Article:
Being the parents of a teenager can be a harrowing experience, especially these days. Even if you aren't a “helicopter” parent, one who hovers around their child, it's more and more difficult to keep an eye on the kids.
Or at least, it has been until very recently, when technology started tipping the balance of power back to parents.
Earlier this year a Houston mom named Sharon Standifird got tired of her kids ignoring her calls to their cellphones. She created an app called Ignore No More. The clever app disables the kid's phone if they fail to take a call from Mom.
But when teens are in the car, you don't want them answering a cellphone call. Still, parents want to be assured that they are behaving in a safe manner.
Monitoring teen drivers
Hyundai is stepping up with an app that allows parents to monitor how their teen drivers are operating the vehicle – in particular, how fast they're going.
The Hyundai Blue Link Vehicle Safeguards Alerts In-Vehicle App can be downloaded into the multimedia systems of the 2015 Azera and will be coming soon on Genesis and Sonata models equipped with the navigation package. The app allows parents to monitor and set limits on their Hyundai's speed, hours of operation and movements using text message, e-mail or both.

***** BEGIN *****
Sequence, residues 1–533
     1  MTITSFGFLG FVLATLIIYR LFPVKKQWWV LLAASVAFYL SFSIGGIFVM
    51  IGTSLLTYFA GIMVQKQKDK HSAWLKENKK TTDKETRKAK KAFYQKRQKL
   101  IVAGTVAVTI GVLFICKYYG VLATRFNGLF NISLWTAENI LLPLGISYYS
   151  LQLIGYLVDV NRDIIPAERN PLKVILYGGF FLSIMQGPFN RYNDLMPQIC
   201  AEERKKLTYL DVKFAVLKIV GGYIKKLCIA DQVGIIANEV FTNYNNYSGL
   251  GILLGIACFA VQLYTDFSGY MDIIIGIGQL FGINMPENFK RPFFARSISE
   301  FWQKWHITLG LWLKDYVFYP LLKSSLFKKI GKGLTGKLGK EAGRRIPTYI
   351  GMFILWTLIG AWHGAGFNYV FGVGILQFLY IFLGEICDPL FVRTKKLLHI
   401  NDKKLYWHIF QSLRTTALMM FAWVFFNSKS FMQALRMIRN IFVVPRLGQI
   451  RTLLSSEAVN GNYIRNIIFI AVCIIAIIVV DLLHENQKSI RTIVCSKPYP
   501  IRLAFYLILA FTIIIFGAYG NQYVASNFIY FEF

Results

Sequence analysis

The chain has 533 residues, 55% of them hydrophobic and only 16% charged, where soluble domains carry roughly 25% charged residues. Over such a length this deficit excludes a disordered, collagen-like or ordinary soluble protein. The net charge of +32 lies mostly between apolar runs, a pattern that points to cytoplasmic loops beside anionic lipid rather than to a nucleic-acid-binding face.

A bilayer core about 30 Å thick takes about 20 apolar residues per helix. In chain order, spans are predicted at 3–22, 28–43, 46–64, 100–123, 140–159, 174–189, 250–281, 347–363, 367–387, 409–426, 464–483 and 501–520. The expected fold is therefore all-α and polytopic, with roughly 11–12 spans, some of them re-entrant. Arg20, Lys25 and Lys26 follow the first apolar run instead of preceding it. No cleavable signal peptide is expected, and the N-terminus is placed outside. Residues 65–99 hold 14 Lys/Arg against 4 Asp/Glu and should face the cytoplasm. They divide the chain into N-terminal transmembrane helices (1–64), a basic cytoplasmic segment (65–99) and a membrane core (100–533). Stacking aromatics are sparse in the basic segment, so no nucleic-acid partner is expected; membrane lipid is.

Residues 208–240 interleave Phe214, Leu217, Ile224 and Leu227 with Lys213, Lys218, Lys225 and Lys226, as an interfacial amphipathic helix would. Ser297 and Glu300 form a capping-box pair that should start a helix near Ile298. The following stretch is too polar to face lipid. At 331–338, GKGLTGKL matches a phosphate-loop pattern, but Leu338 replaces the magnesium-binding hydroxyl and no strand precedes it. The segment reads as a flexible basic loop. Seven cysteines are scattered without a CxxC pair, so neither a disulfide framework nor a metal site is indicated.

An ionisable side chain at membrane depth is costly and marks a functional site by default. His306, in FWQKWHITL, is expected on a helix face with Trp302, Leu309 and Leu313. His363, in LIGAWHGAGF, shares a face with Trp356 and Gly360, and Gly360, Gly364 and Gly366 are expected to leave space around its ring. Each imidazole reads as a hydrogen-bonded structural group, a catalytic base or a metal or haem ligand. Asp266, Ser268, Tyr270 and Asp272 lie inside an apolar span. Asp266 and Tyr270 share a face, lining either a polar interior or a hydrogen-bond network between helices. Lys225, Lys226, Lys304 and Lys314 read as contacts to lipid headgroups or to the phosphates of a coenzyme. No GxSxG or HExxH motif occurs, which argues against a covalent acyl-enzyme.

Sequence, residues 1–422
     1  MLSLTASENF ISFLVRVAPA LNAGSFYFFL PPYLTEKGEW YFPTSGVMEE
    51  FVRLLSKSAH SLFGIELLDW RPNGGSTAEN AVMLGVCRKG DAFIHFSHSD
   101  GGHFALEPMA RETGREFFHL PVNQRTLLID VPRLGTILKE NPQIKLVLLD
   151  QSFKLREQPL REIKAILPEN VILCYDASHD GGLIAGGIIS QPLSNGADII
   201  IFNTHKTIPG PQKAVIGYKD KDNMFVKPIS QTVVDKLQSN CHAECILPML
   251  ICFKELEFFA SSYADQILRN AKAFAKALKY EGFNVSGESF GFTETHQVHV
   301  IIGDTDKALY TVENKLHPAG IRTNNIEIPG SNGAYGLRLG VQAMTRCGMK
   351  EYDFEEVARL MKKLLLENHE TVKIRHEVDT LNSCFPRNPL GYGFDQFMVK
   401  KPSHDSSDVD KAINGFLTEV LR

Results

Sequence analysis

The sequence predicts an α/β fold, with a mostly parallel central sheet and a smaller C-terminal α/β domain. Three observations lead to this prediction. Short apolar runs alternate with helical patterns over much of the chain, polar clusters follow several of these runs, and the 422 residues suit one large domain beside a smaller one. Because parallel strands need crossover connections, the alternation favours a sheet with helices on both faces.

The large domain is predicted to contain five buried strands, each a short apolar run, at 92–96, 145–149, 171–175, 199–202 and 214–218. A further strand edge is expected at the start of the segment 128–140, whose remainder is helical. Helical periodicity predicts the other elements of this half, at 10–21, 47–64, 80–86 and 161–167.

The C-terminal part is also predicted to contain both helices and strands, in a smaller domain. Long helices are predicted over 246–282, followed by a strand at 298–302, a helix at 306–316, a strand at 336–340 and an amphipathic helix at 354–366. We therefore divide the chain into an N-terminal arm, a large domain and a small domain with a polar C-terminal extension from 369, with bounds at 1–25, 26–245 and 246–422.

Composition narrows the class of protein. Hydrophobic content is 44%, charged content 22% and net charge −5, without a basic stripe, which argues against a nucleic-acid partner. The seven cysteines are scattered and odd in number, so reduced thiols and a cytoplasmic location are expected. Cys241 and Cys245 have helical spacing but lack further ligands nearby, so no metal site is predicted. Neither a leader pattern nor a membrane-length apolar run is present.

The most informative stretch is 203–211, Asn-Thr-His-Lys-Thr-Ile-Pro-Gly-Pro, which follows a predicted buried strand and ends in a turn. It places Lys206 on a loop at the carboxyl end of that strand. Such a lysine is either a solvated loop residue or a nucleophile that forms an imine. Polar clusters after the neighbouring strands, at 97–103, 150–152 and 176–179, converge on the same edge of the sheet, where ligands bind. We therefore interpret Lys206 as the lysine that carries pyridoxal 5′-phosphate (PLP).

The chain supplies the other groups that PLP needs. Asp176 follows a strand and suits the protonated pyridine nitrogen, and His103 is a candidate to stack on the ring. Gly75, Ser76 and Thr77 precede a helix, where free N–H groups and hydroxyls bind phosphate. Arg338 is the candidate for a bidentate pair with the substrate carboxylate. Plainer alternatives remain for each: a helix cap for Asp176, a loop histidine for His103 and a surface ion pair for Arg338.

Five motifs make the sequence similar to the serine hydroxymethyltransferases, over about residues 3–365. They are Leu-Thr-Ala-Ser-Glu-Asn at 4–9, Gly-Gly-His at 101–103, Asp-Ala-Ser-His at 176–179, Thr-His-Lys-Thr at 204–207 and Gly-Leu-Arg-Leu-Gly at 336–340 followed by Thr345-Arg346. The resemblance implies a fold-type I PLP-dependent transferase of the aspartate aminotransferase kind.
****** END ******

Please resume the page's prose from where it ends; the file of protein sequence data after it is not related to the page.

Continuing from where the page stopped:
Teens are likely to look at this as a gross invasion of privacy. But Hyundai says it simply helps parents reinforce safe driving habits for their children.
The company has data to back it up. It says teens in vehicles with monitoring devices took fewer risks while driving than unsupervised teens, citing a 2009 Insurance Institute for Highway Safety (IIHS) study of 16 and 17 year-old drivers.
What makes the app even more effective, Hyundai says, is that when a teen driver misbehaves behind the wheel, they see the alert that is being sent to their parents.
The driver will see a notification on the vehicle's multimedia screen while the parent will get a text message alerting them of the violation. Hyundai says the alerts are designed to get the attention of the teen driver and refocus them on driving safely.
A lot of parental control
How much oversight does the app give parents? A lot.
It allows them to pre-set a speed limit. It can set a time limit, triggering an alert if the vehicle is in operation after curfew.
The car's GPS feature allows parents to set what Hyundai calls a “Geo-Fence,” a boundary that can't be crossed without triggering an alert.
"We've listened to our Blue Link subscribers and given them exactly what they want," said Michael Deitz, senior group manager of Connected Care, Hyundai Motor America.
Hyundai is betting that the ability to monitor what's going on in the car will help them sell more cars to parents of teens. Teens, on the other hand, will likely lobby hard for another brand.